Most of these characters are certainly individualistic, but in many cases, they are cowards, sniveling, unwilling, unable, or ambivalent. As long as they change to heroes, fearless, willing, able, and decisive, we might have a worthwhile novel. I mean, it is one thing to start as a wimp, it’s another thing to remain one. Even then I have a problem with characters like that.
I want my protagonists to have figured out how they want to live—they are just confronted with problems they must resolve. I don’t mind if they are afraid or fearful, but I want them to stand up for themselves and others in spite of their fear. In any case, I like characters who are individualistic and willing to try. That isn’t to say I don’t like characters who learn or improve themselves. I just can’t stand cowards. Even animals fight for their life and to protect themselves. Other characters can be weak and in need of special help, but a protagonist is a very special kind of character. That comes to what I don’t like about Harry Potty.
I realize authors, especially certain young adult authors, want to lecture children and us about how we are supposed to be. Harry begins as a kind of nerdy wimp. He gets kind of better, but he is weak and ambivalent. Hermione knows what she wants more than anyone and grabs for it. She is a much better protagonist than Harry. You would think that a child abused and kept under the stairs would have learned how to rebel. Harry has no idea what rebellion is—you wonder how the author can make a messiah out of him. Ah, she doesn’t. Harry is born as a messiah. He doesn’t have to do anything except stand around. Other people die and other people are courageous, but Harry can just kind of stand around and act like a pustule faced teenager. Notice that Harry has his tantrums, but everyone else is collected and capable. I wish someone had told the author that we don’t need lectures on how teenagers can be idiots, weak, or stupid, we need to see exciting and entertaining stories about how people who have a lot expected of them stand up and take on the odds to succeed, not by accident, but by purpose. Thus when we develop a protagonist, let’s make an individualistic protagonist who has a reason to be individualistic.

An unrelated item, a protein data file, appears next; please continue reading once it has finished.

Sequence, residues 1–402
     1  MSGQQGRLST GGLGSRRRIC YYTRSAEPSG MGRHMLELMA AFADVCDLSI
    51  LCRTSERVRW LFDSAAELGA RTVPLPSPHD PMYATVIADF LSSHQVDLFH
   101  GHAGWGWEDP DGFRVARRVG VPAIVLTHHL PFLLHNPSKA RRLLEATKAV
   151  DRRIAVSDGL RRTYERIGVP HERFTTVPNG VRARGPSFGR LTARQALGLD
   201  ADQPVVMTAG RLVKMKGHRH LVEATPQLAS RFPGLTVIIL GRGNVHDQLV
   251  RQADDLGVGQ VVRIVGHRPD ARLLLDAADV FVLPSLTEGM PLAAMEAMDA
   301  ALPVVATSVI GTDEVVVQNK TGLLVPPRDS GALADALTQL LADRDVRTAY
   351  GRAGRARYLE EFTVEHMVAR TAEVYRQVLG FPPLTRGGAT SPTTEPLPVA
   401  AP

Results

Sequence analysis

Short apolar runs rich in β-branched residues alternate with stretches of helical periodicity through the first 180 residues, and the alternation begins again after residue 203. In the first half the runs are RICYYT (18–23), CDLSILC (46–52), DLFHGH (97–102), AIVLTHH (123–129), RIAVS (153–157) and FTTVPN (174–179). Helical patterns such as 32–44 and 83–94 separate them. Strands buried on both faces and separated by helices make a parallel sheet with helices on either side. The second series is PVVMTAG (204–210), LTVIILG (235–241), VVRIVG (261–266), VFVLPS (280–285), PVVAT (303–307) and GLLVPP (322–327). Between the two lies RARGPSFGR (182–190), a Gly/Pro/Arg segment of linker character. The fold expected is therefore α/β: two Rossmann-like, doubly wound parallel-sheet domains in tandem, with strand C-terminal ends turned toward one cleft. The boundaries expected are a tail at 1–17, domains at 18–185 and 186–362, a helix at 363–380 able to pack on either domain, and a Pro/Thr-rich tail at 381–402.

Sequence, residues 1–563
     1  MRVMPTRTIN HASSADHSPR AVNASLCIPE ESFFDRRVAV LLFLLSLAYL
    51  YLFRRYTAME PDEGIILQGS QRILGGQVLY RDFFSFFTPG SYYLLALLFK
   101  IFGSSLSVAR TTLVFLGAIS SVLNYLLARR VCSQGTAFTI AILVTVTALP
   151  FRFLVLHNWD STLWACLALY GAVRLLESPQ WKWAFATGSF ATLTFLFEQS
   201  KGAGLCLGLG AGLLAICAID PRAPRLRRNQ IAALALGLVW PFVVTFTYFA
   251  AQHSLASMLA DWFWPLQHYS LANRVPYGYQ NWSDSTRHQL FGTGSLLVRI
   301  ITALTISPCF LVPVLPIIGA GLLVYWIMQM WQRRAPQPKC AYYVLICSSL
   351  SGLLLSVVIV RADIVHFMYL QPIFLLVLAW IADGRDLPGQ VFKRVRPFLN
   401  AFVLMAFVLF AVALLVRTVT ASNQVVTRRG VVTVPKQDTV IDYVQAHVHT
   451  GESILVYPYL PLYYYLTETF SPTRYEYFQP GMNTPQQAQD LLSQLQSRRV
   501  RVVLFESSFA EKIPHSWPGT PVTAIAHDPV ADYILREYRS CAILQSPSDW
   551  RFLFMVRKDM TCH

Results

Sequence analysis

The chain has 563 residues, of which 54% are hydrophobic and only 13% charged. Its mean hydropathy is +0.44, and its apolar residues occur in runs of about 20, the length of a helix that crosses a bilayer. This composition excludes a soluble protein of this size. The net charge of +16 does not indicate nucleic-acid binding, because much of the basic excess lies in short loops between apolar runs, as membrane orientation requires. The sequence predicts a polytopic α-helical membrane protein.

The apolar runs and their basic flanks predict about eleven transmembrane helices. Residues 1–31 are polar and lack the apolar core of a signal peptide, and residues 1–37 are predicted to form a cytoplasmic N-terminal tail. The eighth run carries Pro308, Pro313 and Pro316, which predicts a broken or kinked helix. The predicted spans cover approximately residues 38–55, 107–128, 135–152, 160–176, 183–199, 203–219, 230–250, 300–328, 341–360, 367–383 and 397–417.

That’s the point—the protagonist should be individualistic and act individualistic—that means they have a reason to be individualistic.
For more information, you can visit my author site http://www.ldalford.com/, and my individual novel websites: